Link to cover-up

On February 28, 1973, Acting FBI Director L. Patrick Gray testified before the Senate Judiciary Committee during his nomination to replace J. Edgar Hoover as Director of the FBI. Armed with newspaper articles indicating the White House had possession of FBI Watergate files, the committee chairman, Sam Ervin, questioned Gray as to what he knew about the White House obtaining the files. Gray stated he had given FBI reports to Dean, and had discussed the FBI investigation with Dean on many occasions. It also came out that Gray had destroyed important evidence entrusted to him by Dean. Gray's nomination failed and now Dean was directly linked to the Watergate cover-up.

White House Chief of Staff H. R. Haldeman would later claim that Dean was appointed by Nixon to take the lead role in coordinating the Watergate cover-up from an early stage, and that this cover-up was working very well for many months. Certain aspects of the scandal had come to light before the 1972 elections, but Nixon was re-elected to a second presidential term by a significant margin.[14]

Cooperation with prosecutors

On March 22, 1973, Nixon requested that Dean put together a report with everything he knew about the Watergate matter, and even invited him to take a retreat to Camp David to do so. Dean did go to Camp David and performed some work on this report, but since he was one of the cover-up's chief participants, this report-writing task placed him in the difficult position of relating his own involvement, as well as that of others, and he correctly concluded he was being fitted for the role of scapegoat in the cover-up by those higher up. Dean did not complete the report.[15]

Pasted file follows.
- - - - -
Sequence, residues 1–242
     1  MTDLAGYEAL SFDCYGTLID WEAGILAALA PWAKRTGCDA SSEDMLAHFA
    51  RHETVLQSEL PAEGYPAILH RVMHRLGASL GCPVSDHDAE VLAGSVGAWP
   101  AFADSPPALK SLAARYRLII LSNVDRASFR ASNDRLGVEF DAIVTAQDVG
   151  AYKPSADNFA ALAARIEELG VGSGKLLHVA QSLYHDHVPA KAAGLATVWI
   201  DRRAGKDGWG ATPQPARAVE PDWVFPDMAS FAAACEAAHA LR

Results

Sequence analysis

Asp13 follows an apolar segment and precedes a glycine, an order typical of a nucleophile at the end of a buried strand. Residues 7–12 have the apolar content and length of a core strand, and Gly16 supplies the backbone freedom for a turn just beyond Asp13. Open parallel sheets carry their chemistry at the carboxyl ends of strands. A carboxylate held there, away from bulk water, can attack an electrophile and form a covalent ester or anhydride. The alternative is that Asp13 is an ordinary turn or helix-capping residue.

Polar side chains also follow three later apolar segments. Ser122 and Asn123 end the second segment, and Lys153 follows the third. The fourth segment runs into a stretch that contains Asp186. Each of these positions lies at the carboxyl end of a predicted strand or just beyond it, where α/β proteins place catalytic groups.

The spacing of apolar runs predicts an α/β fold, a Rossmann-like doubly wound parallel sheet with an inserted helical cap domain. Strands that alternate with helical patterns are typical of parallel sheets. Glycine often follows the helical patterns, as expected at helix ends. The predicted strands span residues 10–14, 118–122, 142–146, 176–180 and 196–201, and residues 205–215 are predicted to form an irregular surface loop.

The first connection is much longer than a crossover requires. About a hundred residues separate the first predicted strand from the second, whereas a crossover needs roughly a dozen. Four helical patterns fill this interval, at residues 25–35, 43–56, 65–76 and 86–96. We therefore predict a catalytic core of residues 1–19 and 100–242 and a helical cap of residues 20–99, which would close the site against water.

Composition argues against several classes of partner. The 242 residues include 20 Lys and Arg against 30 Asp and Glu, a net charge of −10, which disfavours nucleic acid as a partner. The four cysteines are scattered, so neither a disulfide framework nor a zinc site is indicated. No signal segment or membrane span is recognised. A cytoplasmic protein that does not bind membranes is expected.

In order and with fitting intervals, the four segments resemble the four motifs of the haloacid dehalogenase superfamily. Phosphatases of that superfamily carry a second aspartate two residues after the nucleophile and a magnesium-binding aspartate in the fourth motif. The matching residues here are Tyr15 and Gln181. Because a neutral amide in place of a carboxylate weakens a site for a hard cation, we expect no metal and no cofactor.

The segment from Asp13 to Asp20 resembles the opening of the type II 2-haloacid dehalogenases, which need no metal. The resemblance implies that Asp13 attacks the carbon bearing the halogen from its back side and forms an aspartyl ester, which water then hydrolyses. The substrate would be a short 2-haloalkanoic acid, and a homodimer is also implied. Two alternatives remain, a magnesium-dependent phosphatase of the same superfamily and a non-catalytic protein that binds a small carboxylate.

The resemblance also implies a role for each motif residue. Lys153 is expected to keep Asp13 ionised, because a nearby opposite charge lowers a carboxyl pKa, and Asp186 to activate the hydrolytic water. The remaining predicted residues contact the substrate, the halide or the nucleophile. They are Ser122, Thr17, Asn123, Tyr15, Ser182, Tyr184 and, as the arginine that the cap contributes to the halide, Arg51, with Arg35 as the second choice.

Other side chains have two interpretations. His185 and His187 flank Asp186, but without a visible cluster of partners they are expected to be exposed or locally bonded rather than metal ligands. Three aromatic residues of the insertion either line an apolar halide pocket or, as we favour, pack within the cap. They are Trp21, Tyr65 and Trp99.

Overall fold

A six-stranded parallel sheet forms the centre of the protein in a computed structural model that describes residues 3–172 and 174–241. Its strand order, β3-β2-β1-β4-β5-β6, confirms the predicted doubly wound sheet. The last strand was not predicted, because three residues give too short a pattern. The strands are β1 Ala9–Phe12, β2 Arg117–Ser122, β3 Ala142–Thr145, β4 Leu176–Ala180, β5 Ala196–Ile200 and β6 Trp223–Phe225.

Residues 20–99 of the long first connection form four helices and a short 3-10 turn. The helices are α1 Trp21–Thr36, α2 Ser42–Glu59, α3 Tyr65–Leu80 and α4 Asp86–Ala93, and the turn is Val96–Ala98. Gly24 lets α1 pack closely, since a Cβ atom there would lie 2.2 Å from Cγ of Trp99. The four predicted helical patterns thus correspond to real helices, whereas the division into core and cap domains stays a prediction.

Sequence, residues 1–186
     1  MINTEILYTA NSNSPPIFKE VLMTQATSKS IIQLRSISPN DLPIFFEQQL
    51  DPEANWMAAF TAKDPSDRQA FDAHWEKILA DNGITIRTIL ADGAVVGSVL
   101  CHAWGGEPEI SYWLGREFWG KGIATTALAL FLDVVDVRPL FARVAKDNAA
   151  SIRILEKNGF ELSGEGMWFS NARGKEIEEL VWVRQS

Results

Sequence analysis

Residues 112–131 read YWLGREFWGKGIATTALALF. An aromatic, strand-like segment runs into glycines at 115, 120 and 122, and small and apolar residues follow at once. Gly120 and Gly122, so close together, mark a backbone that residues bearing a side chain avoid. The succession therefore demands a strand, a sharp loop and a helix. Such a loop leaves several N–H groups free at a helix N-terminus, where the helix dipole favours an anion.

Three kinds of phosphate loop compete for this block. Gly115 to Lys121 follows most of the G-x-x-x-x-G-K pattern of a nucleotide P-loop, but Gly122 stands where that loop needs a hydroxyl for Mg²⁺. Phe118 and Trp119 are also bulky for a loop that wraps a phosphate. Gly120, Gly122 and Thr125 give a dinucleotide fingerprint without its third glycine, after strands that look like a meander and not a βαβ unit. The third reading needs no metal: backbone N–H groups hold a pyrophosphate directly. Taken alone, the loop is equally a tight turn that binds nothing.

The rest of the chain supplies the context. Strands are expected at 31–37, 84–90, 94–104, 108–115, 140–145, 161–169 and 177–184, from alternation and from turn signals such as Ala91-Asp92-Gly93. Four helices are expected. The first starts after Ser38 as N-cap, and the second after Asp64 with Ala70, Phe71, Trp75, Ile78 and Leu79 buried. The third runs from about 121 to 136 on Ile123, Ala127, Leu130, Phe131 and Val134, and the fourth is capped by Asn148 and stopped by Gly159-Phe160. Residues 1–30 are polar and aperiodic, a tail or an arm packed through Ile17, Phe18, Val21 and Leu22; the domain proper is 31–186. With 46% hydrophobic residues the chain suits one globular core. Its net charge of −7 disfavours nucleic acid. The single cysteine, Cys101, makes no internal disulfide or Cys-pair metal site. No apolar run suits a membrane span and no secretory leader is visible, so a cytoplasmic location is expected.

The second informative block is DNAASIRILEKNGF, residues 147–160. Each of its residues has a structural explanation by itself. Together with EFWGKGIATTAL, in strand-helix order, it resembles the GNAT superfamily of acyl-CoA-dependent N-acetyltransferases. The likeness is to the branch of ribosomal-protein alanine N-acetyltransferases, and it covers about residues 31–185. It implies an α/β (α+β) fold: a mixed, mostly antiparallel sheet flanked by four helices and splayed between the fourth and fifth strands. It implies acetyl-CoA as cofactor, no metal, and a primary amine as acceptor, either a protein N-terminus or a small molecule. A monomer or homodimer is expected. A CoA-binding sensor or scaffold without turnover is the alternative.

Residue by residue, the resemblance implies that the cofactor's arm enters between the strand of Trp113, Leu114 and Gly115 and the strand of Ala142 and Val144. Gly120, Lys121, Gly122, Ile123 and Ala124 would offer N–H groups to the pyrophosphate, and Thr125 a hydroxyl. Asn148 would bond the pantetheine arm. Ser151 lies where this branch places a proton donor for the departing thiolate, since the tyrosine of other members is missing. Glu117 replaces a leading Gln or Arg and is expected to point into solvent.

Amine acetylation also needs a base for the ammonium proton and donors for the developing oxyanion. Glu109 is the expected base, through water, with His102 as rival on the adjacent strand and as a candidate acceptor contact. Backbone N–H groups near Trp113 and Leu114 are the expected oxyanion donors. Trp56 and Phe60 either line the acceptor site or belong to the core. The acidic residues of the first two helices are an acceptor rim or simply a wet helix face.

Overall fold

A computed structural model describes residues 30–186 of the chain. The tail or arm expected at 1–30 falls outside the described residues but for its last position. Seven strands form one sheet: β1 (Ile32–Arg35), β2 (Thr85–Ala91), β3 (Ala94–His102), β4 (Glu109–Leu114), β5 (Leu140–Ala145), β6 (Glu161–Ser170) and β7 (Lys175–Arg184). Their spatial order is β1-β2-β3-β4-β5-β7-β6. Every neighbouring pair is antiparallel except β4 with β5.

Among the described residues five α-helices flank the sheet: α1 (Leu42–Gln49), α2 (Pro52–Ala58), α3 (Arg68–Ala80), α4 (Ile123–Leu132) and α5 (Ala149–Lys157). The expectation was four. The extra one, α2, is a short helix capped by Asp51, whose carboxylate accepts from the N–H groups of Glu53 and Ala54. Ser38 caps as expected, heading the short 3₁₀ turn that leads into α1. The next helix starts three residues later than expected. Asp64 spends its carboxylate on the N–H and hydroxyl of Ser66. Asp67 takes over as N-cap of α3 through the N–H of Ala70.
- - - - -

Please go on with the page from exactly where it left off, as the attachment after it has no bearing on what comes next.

On March 23, the five Watergate burglars, along with G. Gordon Liddy and E. Howard Hunt, were sentenced with stiff fines and maximum prison time of up to 40 years.

On April 6, Dean hired an attorney and began his cooperation with Senate Watergate investigators, while continuing to work as Nixon's Chief White House Counsel and participate in Nixon's cover-up efforts, not disclosing this obvious conflict to Nixon until some time later. Dean was also receiving advice from the attorney he hired, Charles Shaffer, on matters involving vulnerabilities of other White House staff with the cover-up.

Dean continued to provide information to the prosecutors, who were able to make enormous progress on the cover-up case, which up until then they had virtually ignored, having concentrated on the actual burglary and events preceding it. Dean also appeared before the Watergate grand jury, where he took the Fifth Amendment numerous times to avoid incriminating himself, and in order to save his testimony for the Senate Watergate hearings.[15]

Firing by Nixon

Dean, John -MBFI